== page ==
16. Esophagus • Involved in rumination • Differences from monogastric esophagus • Circular and longitudinal muscles are striated muscle along the entire length • Provides greater strength • Allows some voluntary control • Funnel shaped • Positioned between lungs • Mucous membrane is comprised of stratified squamous epithelial tissue • Contains 3 sphincters • Pharyngo-esophageal • Diaphragmatic • Cardiac • Slit-like • 1” long • Sphincters active in rumination and eructation

  17. Regions of the ruminant stomach % of mature ___Volume, l___ __volume__CattleSheep Rumen 80 60-100 9-18 Reticulum 5 Omasum 5-8 6-10 1-2 Abomasum 5-8 5-8 2 • Full capacity of the reticulorumen is only used in animals fed low quality roughages. Only 60 to 70% of the total capacity is used in animals fed high quality roughages.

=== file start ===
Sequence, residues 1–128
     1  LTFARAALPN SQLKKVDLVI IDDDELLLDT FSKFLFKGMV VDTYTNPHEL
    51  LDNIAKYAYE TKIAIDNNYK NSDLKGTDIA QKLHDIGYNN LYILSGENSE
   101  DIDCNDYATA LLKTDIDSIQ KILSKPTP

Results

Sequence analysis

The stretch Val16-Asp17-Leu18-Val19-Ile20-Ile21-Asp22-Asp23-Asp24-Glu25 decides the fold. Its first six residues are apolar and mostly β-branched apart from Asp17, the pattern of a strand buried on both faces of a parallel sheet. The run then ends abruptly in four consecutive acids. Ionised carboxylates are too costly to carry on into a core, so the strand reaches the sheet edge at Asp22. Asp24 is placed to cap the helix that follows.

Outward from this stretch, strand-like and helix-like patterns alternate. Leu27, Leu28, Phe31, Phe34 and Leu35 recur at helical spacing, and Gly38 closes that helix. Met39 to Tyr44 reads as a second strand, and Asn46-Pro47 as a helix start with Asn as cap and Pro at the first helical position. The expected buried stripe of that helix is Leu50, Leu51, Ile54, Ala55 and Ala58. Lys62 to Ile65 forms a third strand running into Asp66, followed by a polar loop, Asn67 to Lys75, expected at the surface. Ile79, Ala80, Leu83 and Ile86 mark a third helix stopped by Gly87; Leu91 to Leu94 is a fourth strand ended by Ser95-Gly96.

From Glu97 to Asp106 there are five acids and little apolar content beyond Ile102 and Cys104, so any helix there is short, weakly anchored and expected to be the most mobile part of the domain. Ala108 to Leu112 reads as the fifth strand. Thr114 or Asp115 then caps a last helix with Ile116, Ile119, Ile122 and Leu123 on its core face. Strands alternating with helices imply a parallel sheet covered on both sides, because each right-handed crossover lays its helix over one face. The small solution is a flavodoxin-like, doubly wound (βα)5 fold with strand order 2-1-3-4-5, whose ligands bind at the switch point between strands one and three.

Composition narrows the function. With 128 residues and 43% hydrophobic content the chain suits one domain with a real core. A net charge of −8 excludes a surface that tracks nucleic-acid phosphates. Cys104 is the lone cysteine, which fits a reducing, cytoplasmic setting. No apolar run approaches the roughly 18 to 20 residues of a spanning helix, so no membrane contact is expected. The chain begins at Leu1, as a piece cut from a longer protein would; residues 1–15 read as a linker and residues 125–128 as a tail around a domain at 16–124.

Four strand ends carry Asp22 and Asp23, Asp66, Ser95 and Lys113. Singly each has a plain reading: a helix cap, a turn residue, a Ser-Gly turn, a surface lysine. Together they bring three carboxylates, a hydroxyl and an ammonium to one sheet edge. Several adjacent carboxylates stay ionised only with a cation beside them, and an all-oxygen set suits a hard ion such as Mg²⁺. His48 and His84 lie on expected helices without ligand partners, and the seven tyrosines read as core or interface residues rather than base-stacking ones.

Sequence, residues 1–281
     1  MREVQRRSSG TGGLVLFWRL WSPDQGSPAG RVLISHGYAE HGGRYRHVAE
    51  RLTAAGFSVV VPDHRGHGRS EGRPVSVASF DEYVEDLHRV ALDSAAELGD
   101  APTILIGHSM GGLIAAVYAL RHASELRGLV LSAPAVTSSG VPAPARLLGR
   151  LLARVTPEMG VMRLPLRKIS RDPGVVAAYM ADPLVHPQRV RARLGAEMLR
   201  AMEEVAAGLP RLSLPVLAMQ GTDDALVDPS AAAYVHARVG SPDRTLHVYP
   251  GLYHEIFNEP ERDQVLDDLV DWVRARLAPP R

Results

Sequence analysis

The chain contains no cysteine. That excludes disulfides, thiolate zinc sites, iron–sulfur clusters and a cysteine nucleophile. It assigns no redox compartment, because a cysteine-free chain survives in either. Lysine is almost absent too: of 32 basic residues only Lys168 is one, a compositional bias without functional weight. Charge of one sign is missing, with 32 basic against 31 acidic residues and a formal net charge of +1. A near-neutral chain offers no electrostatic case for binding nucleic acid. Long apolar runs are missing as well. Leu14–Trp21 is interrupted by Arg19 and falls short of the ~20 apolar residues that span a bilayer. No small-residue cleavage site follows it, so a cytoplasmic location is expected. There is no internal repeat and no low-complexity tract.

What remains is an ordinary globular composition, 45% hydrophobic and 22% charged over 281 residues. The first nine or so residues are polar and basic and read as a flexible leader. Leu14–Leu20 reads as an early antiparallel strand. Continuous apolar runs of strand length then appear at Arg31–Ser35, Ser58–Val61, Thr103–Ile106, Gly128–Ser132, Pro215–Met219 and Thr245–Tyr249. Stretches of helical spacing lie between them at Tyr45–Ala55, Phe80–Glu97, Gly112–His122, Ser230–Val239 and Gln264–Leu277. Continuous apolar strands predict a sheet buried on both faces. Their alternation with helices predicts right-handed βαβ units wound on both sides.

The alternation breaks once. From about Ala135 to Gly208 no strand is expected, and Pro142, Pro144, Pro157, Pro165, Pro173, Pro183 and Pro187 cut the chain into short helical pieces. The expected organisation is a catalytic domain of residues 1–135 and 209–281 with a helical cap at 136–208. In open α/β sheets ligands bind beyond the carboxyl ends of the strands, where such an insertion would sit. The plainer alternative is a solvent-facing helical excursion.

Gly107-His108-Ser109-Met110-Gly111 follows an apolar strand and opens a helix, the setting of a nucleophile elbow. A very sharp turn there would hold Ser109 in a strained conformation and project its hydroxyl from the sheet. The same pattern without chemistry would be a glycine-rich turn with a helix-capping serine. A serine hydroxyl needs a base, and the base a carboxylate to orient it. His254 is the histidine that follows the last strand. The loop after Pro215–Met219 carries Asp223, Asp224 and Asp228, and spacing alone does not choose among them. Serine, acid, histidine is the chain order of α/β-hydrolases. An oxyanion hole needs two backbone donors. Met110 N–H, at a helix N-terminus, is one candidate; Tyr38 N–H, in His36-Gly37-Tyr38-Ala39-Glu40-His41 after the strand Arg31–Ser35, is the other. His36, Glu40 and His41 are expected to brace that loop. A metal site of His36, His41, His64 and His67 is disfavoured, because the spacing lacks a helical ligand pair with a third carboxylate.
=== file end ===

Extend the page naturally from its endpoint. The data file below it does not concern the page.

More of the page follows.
18. The ruminant stomach

  19. Structures within the reticulorumen • Folds • Areas of tissue dividing the reticulum and rumen into different compartments • Functions • Mixing and particle sorting • Prevent fluid from reaching the cardia during eructation • Pillars • Highly muscled areas of the rumen that form grooves on the outside of the rumen • Contains blood vessels, lymph, and nerves • Functions • Contractions

  20. Structures within the reticulorumen • Papillae • Finger-like structures (10mm x 2 mm) covering the rumen wall • Particularly well-developed in ventral portion of the rumen • Few present on pillars in roughage-selecting species, but more evenly distributed across rumen in concentrate-selecting species • Function • Increase absorptive surface for VFAs.